Three to choose Ericsson instead of Huawei for 5G network

Three is to choose Ericsson over Huawei for its 5G network in Ireland, Independent.ie understands.

The move is a blow for Huawei, which has been fighting US accusations of being too close to Chinese authorities.

It also represents a competitive coup for Ericsson, which supplies the core equipment for Vodafone’s Irish 5G network, giving it two out of three Irish 5G networks.

Eir Mobile uses a combination of Ericsson and Huawei for its 5G mobile network.

Last week, Independent.ie revealed that Three would delay its 5G rollout in Ireland until early 2020.

Spokespeople for Three and Huawei declined to comment on the issue.

The news will be carefully examined across Europe, the US and China. Huawei has become caught in the middle of a global trade and security face-off between the American and Chinese governments.

US officials accuse the company of being too easily influenced by Beijing authorities and say that 5G mobile networks are critical infrastructure from a security perspective.

However, Huawei executives insist that there has never been any evidence of misbehaviour and that the company is being used as a scapegoat for larger geopolitical tensions between the US and China.

European governments, which have so far resisted US efforts at restricting Huawei’s telecoms networks, are starting to focus more on the issue with French president Emmanuel Macron recently bringing attention to the matter in an interview with the Economist magazine.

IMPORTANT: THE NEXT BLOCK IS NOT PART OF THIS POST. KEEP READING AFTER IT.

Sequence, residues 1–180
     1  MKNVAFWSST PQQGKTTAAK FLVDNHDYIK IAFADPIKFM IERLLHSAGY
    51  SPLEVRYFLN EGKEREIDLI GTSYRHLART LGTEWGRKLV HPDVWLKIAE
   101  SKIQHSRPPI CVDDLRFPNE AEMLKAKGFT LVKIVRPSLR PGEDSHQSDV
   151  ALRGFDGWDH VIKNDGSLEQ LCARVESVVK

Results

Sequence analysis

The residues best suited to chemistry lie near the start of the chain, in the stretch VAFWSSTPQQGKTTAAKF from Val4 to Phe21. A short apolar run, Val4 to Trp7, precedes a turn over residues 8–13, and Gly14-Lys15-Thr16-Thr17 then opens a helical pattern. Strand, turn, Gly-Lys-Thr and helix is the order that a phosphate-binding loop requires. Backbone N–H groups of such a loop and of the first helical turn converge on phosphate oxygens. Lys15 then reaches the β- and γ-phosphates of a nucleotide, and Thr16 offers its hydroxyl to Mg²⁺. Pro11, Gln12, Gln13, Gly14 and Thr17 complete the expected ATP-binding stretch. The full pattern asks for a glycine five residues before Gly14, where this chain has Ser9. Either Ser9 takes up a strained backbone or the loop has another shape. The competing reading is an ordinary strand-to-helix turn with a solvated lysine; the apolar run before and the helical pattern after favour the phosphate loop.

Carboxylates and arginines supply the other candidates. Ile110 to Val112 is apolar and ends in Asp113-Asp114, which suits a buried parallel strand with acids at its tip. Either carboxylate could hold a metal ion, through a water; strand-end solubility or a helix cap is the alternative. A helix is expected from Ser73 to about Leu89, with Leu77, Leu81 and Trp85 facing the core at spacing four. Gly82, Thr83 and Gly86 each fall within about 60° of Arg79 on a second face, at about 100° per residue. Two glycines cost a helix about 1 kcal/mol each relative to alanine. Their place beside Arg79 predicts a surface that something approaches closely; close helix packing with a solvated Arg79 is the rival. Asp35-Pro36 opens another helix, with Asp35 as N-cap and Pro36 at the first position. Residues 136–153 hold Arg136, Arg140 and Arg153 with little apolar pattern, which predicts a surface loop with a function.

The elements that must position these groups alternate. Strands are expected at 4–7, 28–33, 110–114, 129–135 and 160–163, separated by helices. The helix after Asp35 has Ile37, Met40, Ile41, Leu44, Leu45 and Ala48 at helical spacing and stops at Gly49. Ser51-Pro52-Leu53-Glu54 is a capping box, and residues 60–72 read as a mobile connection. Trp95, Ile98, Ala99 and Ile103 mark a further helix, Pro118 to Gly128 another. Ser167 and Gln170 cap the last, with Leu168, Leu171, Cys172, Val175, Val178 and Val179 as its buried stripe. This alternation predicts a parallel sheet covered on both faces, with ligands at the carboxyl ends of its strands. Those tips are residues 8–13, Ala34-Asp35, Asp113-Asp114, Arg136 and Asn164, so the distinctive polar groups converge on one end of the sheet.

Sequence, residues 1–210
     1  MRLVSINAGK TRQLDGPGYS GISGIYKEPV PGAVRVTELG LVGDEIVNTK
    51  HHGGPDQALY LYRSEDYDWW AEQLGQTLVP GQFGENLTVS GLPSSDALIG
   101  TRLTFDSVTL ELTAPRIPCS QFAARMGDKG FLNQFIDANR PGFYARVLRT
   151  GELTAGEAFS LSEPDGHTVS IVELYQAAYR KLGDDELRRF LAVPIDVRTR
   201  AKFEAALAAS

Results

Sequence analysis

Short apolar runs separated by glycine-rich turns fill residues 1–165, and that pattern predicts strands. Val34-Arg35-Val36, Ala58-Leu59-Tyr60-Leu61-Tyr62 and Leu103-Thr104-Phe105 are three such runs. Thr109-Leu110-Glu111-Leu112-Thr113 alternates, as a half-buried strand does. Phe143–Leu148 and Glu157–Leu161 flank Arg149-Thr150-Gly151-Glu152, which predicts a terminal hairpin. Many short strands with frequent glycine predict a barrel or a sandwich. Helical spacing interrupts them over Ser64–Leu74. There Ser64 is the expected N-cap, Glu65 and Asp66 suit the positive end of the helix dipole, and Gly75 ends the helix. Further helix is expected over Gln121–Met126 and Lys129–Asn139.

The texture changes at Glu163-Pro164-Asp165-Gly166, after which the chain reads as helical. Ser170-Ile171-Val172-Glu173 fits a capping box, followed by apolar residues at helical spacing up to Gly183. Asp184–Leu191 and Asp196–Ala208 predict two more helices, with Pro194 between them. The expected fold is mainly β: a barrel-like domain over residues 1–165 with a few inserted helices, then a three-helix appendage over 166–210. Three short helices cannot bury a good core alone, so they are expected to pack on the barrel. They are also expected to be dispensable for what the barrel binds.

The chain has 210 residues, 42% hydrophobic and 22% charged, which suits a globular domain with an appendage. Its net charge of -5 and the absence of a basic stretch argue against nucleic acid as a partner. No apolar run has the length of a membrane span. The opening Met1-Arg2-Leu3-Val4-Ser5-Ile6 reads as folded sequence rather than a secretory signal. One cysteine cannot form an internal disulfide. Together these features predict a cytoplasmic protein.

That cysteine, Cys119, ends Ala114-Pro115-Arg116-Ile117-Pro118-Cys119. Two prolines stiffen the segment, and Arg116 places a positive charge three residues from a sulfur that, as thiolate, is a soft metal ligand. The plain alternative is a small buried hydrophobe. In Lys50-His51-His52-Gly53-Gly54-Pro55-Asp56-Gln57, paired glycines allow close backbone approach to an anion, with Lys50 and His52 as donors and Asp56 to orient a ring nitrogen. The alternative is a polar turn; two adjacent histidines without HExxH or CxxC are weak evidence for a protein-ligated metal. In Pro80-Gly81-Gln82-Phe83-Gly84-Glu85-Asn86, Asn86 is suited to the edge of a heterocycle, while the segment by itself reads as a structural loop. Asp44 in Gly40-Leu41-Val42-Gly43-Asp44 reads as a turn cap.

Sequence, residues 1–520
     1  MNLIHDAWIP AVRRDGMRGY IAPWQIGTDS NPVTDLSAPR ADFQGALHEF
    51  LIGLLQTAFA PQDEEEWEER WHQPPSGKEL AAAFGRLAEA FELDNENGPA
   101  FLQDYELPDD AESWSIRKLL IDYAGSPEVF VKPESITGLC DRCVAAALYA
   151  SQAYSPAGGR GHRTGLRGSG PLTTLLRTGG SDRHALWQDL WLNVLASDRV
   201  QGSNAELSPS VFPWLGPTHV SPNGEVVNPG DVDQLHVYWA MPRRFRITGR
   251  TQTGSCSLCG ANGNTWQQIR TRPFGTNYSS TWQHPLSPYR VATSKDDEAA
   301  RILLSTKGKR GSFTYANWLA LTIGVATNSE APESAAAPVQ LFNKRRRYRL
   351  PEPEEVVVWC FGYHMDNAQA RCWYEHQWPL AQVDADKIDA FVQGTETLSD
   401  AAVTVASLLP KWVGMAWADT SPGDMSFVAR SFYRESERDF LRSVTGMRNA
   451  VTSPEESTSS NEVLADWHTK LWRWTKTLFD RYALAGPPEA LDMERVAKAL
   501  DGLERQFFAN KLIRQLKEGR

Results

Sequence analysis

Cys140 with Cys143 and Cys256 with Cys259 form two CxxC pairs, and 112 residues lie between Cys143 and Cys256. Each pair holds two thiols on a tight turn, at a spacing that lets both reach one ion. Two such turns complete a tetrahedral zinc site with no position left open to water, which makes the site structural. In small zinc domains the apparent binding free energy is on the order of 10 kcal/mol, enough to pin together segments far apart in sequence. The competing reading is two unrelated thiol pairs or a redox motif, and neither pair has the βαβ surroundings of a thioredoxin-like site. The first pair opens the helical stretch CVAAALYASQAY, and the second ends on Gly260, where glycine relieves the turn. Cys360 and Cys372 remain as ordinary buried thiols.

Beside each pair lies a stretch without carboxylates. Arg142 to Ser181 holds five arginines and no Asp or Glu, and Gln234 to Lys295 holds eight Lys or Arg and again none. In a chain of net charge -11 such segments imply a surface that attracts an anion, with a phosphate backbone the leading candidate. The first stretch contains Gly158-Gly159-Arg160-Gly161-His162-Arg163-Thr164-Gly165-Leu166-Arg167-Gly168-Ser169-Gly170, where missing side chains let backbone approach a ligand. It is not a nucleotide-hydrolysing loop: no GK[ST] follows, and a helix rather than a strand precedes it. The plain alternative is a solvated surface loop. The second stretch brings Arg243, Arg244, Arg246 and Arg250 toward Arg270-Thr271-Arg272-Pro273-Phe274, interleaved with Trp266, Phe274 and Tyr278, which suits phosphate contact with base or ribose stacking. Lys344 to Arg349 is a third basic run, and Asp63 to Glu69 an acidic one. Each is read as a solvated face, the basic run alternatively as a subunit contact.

In Ireland, Eir Mobile has approximately 100 different 5G sites around Irish cities and towns, while Vodafone has fewer in the same cities.

The main difference between 5G and 4G is speed and latency, with 5G coverage able to download large files almost instantly or stream high resolution video without any delays or buffering.

5G speeds can reach up to 1,000Mbs compared to around 100Mbs for 4G.

Other than information and entertainment, 5G is seen as being important for future industry and commercial needs, such as self-driving cars and advanced telemedicine.

Existing 4G phones, such as the iPhone 11, will not be able to pick up a 5G signal.

In Ireland there are only a few handset models capable of receiving a 5G signal. Huawei launched its Mate 20X 5G here, a giant 7.2-inch smartphone. Samsung also has three 5G-compatible models, the S10 5G, A90 5G and Note 10+ 5G.

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